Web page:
The Park Service, despite personnel and budget restrictions, had been able to respond to near-impossible deadlines by using the task force organization Director Hartzog had devised in the spring of 1972. The work accomplished in 1972 and 1973, however, proved to be only preliminary to what was to come. After the last of the thirty-three people who had been detailed during those years returned home, only a skeleton staff remained to accomplish a program that included, among other things, continual updating and revision of the legislative support data; revision of the 1973 master plans in response to greater knowledge of the various areas; managing a burgeoning Native assistance program; monitoring a substantial number of research contracts; addressing a variety of complicated issues such as subsistence, minerals, and access; and coordinating an ambitious program to educate the public both in Alaska and in the "Lower 48" on the Park Service's program for Alaska. [2]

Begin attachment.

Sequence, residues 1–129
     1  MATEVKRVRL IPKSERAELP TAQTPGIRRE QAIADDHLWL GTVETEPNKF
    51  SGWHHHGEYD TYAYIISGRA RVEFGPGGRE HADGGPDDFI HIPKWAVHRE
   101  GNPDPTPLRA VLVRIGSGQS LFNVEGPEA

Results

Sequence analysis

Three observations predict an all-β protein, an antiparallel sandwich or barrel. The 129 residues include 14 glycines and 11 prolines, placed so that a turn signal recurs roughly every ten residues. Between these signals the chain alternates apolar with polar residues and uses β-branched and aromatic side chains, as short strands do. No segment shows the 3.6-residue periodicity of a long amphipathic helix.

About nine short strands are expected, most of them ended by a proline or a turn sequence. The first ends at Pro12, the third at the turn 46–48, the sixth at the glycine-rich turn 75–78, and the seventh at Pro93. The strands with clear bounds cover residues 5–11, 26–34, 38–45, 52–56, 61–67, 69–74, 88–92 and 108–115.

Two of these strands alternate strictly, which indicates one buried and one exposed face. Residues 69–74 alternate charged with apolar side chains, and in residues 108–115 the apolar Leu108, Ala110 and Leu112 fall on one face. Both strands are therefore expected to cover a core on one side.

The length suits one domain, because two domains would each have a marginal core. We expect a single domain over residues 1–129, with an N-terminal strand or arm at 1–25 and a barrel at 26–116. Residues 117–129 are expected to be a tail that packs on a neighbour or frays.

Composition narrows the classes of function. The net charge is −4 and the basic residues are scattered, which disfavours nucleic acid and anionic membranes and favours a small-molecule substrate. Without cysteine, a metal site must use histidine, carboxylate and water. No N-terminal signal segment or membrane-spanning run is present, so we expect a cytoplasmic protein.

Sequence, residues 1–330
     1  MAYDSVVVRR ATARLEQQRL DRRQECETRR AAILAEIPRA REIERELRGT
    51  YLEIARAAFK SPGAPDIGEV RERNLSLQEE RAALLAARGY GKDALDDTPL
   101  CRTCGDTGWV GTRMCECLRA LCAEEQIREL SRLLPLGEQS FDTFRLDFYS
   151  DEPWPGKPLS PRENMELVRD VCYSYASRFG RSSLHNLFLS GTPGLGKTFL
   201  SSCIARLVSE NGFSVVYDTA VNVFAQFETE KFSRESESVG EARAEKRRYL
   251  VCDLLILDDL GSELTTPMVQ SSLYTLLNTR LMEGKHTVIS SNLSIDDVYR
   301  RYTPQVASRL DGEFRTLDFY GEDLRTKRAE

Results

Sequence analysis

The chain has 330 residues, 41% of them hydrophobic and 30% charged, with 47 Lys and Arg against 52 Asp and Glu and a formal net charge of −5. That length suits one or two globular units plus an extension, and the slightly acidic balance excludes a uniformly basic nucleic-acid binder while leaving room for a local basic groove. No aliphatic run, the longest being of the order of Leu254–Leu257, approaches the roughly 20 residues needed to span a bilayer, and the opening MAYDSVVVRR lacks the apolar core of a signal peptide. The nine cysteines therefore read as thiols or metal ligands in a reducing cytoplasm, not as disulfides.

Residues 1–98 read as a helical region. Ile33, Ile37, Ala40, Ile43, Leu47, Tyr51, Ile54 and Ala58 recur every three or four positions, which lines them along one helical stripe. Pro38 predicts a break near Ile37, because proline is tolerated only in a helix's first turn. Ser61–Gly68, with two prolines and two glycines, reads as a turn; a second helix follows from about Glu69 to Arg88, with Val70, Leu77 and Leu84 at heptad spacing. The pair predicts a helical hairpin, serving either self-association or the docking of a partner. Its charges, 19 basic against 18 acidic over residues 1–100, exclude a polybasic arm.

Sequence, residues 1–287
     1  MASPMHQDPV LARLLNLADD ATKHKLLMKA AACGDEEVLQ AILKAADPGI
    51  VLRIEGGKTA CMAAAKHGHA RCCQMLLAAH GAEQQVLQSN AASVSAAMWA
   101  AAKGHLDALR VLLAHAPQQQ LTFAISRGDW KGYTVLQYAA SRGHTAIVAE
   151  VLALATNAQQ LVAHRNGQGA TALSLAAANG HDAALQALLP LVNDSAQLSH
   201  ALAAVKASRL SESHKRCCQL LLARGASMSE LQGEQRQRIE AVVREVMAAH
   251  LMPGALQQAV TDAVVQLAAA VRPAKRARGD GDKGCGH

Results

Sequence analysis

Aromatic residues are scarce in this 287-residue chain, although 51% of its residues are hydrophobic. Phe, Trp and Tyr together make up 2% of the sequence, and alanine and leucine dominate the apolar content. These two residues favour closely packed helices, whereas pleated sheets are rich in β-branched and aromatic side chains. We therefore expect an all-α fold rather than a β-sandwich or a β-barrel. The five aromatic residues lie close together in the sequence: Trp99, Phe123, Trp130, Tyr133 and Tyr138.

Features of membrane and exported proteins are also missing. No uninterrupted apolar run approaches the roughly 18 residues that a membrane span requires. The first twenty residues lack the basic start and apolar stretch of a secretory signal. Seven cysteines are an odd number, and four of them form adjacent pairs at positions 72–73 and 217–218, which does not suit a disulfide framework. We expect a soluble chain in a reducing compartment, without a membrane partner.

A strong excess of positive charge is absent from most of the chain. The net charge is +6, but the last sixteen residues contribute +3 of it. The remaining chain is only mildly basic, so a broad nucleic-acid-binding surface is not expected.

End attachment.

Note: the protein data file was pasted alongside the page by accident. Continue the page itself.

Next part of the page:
Frustrated with his inability to convince the Washington office to provide additional help to meet the new demands, Al Henson questioned whether the NPS directorate fully grasped the enormity of Alaska, or the opportunity offered the Park Service there. It is true the Service had experienced something of a let-down once the Morton proposals went forward in 1973. But it had already begun work in developing short and long-range goals for Alaska. By fall 1974 NPS Director Ron Walker indicated that in response to a July 9 memo from Assistant Secretary Reed, the Service had begun to re-examine the organizational structure established to achieve those goals. [3]